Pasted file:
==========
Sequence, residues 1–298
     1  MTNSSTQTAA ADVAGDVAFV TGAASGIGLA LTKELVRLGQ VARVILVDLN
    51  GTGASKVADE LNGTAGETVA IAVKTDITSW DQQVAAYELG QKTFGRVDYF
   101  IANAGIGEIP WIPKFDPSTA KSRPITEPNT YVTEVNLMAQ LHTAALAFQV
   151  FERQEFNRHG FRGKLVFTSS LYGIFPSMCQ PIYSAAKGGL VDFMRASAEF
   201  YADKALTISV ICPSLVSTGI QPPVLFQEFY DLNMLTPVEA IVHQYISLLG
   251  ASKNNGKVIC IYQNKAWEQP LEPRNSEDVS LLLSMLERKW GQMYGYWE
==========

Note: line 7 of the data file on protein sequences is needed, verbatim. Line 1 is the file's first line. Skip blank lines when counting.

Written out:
   251  ASKNNGKVIC IYQNKAWEQP LEPRNSEDVS LLLSMLERKW GQMYGYWE